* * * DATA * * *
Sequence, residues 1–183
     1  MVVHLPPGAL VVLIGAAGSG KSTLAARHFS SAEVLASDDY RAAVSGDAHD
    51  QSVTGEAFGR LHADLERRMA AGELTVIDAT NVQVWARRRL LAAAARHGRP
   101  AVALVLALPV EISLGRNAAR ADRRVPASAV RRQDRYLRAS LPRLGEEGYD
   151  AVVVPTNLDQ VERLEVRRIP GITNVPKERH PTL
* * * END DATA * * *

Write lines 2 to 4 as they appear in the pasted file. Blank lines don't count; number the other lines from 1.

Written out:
     1  MVVHLPPGAL VVLIGAAGSG KSTLAARHFS SAEVLASDDY RAAVSGDAHD
    51  QSVTGEAFGR LHADLERRMA AGELTVIDAT NVQVWARRRL LAAAARHGRP
   101  AVALVLALPV EISLGRNAAR ADRRVPASAV RRQDRYLRAS LPRLGEEGYD